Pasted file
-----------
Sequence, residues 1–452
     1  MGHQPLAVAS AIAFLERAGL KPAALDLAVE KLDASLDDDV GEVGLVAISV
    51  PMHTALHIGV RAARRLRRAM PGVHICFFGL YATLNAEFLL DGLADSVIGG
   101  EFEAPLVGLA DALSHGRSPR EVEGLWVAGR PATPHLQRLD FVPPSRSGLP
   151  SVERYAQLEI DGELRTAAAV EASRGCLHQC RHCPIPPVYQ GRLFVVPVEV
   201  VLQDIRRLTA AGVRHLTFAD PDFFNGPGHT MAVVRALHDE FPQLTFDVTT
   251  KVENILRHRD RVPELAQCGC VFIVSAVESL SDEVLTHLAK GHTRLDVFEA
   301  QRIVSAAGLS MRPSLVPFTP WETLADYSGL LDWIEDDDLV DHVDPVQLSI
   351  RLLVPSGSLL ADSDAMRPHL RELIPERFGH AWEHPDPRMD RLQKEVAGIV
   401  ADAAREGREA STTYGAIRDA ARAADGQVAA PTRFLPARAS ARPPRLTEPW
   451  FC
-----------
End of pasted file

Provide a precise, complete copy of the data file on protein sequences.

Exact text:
Sequence, residues 1–452
     1  MGHQPLAVAS AIAFLERAGL KPAALDLAVE KLDASLDDDV GEVGLVAISV
    51  PMHTALHIGV RAARRLRRAM PGVHICFFGL YATLNAEFLL DGLADSVIGG
   101  EFEAPLVGLA DALSHGRSPR EVEGLWVAGR PATPHLQRLD FVPPSRSGLP
   151  SVERYAQLEI DGELRTAAAV EASRGCLHQC RHCPIPPVYQ GRLFVVPVEV
   201  VLQDIRRLTA AGVRHLTFAD PDFFNGPGHT MAVVRALHDE FPQLTFDVTT
   251  KVENILRHRD RVPELAQCGC VFIVSAVESL SDEVLTHLAK GHTRLDVFEA
   301  QRIVSAAGLS MRPSLVPFTP WETLADYSGL LDWIEDDDLV DHVDPVQLSI
   351  RLLVPSGSLL ADSDAMRPHL RELIPERFGH AWEHPDPRMD RLQKEVAGIV
   401  ADAAREGREA STTYGAIRDA ARAADGQVAA PTRFLPARAS ARPPRLTEPW
   451  FC